First Published: February 24, 2010 | Last Updated:July 27, 2017
Chena cultivation or shifting agriculture is the most primitive type of agriculture known to man from the dawn of civilization, practiced in Sri Lanka & some other Asian countries. It does not make use of the same piece of land (unlike where paddy is grown) and goes on rotation of crops. The ‘Chena’ cultivator cuts down, at regular intervals, the trees of a small jungle land and set fire to the woody growths as far as possible, to begin cultivation. This virgin land is most suitable for cultivation in view of its rich soil.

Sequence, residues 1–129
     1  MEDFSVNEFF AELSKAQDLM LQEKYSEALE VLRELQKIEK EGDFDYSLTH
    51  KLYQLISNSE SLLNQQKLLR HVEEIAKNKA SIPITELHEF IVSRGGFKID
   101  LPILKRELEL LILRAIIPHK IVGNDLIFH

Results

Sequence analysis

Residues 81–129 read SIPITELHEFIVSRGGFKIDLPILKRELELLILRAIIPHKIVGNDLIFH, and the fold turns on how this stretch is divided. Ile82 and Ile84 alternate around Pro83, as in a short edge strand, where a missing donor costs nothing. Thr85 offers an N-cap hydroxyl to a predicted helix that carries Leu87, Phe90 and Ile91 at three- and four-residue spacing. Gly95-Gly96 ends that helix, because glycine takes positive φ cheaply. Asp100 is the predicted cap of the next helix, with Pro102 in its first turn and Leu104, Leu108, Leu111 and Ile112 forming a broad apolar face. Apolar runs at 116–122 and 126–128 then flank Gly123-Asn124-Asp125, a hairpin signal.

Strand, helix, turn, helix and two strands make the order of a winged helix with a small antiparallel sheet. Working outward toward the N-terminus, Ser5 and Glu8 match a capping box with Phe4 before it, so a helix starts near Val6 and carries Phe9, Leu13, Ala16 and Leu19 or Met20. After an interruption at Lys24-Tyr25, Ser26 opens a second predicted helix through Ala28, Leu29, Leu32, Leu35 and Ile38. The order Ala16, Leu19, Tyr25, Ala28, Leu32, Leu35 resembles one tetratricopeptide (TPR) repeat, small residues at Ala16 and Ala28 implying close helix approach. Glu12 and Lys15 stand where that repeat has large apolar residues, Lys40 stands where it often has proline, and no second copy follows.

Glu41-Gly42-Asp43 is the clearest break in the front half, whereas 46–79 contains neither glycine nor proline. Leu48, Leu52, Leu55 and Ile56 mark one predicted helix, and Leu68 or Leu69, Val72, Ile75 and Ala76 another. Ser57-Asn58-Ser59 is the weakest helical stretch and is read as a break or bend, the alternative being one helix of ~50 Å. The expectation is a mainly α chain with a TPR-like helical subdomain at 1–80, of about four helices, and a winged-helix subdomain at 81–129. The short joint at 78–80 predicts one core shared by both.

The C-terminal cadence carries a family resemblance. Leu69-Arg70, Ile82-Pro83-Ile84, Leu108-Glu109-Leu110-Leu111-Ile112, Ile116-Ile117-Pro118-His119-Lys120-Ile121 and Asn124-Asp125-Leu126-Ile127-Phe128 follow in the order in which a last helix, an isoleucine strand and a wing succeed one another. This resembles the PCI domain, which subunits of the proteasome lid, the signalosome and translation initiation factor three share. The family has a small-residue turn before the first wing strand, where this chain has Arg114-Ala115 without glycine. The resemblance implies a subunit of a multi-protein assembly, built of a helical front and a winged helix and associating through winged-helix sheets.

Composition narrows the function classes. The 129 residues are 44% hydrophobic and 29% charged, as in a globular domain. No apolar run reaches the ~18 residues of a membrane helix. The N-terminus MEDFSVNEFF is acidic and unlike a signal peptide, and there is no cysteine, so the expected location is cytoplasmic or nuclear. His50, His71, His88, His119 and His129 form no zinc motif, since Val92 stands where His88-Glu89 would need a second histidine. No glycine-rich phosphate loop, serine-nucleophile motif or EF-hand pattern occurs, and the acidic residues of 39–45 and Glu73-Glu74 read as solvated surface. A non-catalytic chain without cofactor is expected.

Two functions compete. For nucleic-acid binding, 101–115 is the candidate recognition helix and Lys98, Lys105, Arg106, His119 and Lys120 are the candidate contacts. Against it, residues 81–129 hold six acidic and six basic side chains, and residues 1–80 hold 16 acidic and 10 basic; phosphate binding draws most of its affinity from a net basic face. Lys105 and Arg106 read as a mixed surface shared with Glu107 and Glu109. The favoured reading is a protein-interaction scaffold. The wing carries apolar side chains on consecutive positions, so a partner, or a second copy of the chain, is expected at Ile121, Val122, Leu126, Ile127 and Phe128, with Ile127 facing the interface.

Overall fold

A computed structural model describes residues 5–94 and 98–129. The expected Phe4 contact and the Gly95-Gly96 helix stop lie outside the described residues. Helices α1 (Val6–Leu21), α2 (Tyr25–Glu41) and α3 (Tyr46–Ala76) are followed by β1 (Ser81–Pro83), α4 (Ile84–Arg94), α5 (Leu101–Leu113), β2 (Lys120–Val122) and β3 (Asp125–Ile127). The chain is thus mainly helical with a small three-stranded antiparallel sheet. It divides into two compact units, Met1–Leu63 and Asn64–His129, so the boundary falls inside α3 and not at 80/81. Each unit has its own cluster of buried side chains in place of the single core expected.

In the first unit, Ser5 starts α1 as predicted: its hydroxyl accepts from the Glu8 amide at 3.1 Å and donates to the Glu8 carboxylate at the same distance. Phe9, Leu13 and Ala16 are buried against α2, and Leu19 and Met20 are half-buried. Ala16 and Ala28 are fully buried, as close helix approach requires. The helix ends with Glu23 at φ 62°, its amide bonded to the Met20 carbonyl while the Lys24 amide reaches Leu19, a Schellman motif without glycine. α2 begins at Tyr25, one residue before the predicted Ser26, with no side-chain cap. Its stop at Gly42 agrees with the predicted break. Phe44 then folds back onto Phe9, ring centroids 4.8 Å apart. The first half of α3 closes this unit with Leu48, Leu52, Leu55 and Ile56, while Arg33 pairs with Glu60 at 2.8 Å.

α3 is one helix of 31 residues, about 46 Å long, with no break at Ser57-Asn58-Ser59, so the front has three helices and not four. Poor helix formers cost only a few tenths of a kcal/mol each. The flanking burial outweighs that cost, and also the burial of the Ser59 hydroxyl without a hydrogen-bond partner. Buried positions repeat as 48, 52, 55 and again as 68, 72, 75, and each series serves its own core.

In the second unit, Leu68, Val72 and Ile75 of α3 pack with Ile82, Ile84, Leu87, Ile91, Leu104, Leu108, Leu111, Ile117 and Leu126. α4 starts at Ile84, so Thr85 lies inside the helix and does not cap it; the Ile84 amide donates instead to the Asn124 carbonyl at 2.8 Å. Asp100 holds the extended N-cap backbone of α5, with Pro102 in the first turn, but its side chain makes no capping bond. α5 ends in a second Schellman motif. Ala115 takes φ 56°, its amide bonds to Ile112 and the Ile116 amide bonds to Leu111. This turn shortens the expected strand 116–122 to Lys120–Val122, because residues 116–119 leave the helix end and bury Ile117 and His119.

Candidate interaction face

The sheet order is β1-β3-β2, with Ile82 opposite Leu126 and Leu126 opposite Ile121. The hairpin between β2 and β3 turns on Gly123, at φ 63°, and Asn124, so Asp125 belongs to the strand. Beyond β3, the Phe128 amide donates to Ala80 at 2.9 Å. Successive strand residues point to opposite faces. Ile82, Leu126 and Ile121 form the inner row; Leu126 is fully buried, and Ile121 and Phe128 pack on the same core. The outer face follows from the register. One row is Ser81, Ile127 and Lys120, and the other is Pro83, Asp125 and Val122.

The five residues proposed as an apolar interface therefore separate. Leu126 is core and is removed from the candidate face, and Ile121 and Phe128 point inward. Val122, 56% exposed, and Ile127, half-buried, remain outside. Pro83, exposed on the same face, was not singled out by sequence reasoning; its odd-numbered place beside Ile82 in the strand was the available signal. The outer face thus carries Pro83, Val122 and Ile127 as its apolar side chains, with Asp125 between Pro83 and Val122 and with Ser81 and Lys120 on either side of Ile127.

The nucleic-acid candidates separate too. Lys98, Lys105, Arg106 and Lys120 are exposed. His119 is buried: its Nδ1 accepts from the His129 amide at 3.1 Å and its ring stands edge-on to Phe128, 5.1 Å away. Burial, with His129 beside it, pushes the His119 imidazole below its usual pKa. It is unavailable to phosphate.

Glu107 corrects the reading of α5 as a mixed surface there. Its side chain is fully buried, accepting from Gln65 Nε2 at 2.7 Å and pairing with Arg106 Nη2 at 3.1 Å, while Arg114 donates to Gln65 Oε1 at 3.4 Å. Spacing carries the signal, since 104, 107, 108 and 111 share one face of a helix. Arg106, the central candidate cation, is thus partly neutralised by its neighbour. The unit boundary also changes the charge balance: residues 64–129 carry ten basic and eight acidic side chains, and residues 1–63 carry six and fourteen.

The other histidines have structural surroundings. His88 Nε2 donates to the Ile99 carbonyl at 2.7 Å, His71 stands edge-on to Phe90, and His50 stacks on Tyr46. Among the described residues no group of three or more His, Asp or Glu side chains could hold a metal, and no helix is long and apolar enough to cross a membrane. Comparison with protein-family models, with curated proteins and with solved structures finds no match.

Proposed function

It involves the clearing of either primeval or second growth of jungle land every year for cultivation of dry-land products such as ‘tala’, ‘amu’, ‘kurakkan’, ‘meneri’, ‘badairingu’, ‘thana’, ‘mung’, ‘bajiri’ and varieties of vegetables, which have a ready market as subsidiary crops.
‘Chena’ cultivation is characterized by a lack of tillage, the soil is hardly disturbed, as no plough turns it.